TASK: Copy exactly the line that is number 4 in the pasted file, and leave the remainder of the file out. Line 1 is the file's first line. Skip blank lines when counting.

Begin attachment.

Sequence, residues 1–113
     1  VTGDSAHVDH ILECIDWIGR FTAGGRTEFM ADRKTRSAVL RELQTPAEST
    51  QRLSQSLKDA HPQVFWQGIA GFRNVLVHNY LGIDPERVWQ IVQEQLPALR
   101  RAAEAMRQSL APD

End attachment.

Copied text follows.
   101  RAAEAMRQSL APD